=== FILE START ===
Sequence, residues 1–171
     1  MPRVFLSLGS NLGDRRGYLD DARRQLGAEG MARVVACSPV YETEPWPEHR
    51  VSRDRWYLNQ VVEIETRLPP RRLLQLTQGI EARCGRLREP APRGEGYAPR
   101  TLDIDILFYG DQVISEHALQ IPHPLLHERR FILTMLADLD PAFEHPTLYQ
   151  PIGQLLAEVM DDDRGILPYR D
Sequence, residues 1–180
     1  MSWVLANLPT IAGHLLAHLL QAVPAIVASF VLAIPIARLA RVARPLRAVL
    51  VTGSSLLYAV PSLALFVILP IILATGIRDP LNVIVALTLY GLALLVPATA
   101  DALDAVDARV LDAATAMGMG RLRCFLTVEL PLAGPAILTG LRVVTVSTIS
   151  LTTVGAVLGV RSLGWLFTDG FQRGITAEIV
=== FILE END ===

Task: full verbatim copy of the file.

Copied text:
Sequence, residues 1–171
     1  MPRVFLSLGS NLGDRRGYLD DARRQLGAEG MARVVACSPV YETEPWPEHR
    51  VSRDRWYLNQ VVEIETRLPP RRLLQLTQGI EARCGRLREP APRGEGYAPR
   101  TLDIDILFYG DQVISEHALQ IPHPLLHERR FILTMLADLD PAFEHPTLYQ
   151  PIGQLLAEVM DDDRGILPYR D
Sequence, residues 1–180
     1  MSWVLANLPT IAGHLLAHLL QAVPAIVASF VLAIPIARLA RVARPLRAVL
    51  VTGSSLLYAV PSLALFVILP IILATGIRDP LNVIVALTLY GLALLVPATA
   101  DALDAVDARV LDAATAMGMG RLRCFLTVEL PLAGPAILTG LRVVTVSTIS
   151  LTTVGAVLGV RSLGWLFTDG FQRGITAEIV